Five measures will be on the Missouri ballot on November 8. One ballot measure, Amendment 3, would legalize the sale, possession, and use of marijuana in Missouri.
Amendment 3 would also provide for individuals with certain marijuana-related offenses to petition for release from prison or parole and probation and have their records expunged. It also would enact a 6% tax on the sale of marijuana.
Amendment 3 is one of five marijuana measures on the ballot nationwide this November. Marijuana legalization will also be on the ballot in Arkansas, Maryland, North Dakota, and South Dakota.
As of 2022, 19 states, along with Washington, D.C., had legalized the possession and personal use of marijuana for recreational purposes. Eleven states and Washington D.C. have used the ballot initiative process to legalize marijuana, while in seven states, bills to legalize marijuana were enacted into law. In one state, New Jersey, the legislature referred a measure to the ballot for voter approval.
Polling on Missouri’s Amendment 3, done by Emerson College Polling/The Hill from September 23 to September 27, showed that 48% of likely voters surveyed supported the measure, while 35% of likely voters surveyed opposed the measure (with 17% undecided).
The Kansas City Star Editorial Board endorsed Amendment 3, writing, “It’s been four years since almost 66% of Missouri voters approved medical marijuana. If state lawmakers wanted legal recreational pot in Missouri, as some have argued, we would have it. So let the people decide. In our view, the benefits of recreational cannabis outweigh some of the technical issues raised by critics.”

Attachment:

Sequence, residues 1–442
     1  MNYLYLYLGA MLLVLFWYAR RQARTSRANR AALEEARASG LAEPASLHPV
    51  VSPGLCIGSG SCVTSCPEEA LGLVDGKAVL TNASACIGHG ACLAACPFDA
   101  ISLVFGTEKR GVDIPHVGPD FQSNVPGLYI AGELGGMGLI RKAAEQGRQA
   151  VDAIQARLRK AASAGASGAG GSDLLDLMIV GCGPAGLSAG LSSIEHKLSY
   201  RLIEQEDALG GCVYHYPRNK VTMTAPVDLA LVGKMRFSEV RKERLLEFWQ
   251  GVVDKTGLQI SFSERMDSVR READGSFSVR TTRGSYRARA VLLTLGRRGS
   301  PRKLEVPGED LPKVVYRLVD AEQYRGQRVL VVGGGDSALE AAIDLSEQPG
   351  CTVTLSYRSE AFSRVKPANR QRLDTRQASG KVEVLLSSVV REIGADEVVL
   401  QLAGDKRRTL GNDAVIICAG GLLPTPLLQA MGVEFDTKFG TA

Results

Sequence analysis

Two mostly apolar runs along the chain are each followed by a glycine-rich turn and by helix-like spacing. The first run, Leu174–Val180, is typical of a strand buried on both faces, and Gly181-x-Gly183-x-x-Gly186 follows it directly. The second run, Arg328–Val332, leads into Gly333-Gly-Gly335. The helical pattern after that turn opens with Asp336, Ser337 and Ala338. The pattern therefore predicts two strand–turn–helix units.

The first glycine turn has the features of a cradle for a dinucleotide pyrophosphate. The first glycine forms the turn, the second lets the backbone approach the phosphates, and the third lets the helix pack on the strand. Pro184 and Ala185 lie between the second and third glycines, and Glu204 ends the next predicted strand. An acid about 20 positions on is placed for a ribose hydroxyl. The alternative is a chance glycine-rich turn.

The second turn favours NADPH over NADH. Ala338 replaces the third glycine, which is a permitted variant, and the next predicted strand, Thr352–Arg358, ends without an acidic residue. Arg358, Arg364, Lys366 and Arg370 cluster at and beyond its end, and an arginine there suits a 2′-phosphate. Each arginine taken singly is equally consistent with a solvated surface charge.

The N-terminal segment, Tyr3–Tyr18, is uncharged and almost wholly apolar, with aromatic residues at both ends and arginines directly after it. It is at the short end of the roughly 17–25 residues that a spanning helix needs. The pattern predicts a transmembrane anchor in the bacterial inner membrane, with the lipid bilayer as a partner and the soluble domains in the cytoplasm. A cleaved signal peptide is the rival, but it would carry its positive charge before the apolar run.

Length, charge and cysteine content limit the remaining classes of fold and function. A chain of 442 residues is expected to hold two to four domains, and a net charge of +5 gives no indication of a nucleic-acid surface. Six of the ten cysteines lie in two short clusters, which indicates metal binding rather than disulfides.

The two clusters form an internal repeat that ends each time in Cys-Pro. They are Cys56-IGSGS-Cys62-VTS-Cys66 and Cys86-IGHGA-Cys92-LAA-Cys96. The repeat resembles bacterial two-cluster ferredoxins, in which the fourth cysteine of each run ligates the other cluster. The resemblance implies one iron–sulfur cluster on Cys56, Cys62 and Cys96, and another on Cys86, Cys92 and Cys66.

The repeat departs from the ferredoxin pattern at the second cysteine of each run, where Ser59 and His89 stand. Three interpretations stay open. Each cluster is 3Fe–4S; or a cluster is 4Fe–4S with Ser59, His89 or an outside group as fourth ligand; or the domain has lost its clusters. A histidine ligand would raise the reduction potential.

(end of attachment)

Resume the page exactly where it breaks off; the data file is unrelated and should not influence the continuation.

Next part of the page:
Supporters of Amendment 3 include the ACLU of Missouri, the Missouri AFL-CIO, NORML KC, and the St. Louis City branch of the NAACP. Erik Altieri, the executive director of NORML, said that the majority of Missouri residents want to end the prohibition on marijuana. “Recent polling reveals that a majority of Missouri residents are ready and eager to end their state’s failed marijuana prohibition,” said Altieri, “That is because Missourians, like the overwhelming majority of all Americans, recognize that prohibition is a disastrous and draconian practice best cast into the waste bin of history.”
Opponents of Amendment 3 include Gov. Mike Parson (R), the Missouri Association of Prosecuting Attorneys, the Missouri Catholic Conference, and the Missouri Constitutional Conservatives PAC. “Amendment 3 says a court cannot prohibit a person on bond, probation, or parole from continuing to use marijuana,” said the Missouri Association of Prosecuting Attorneys in a statement, “Further, in less serious cases involving medical marijuana users, if sentenced to participate in one of Missouri’s treatment courts, Amendment 3 attempts to require courts to allow defendants to continue to get high on marijuana regardless of the circumstances or their addiction. This is a threat to the safety of our communities and kids.”
The Missouri NAACP, breaking with the St. Louis City and St. Louis County chapters, also opposes Amendment 3, saying that the measure “does not increase the number of available full market licenses,” and that “the expungement program is dependent on legislative authorization funding and so doesn’t actually exist.”
Voters will decide on Amendment 3 on November 8, 2022. Amendment 3 needs a simple majority vote to be ratified.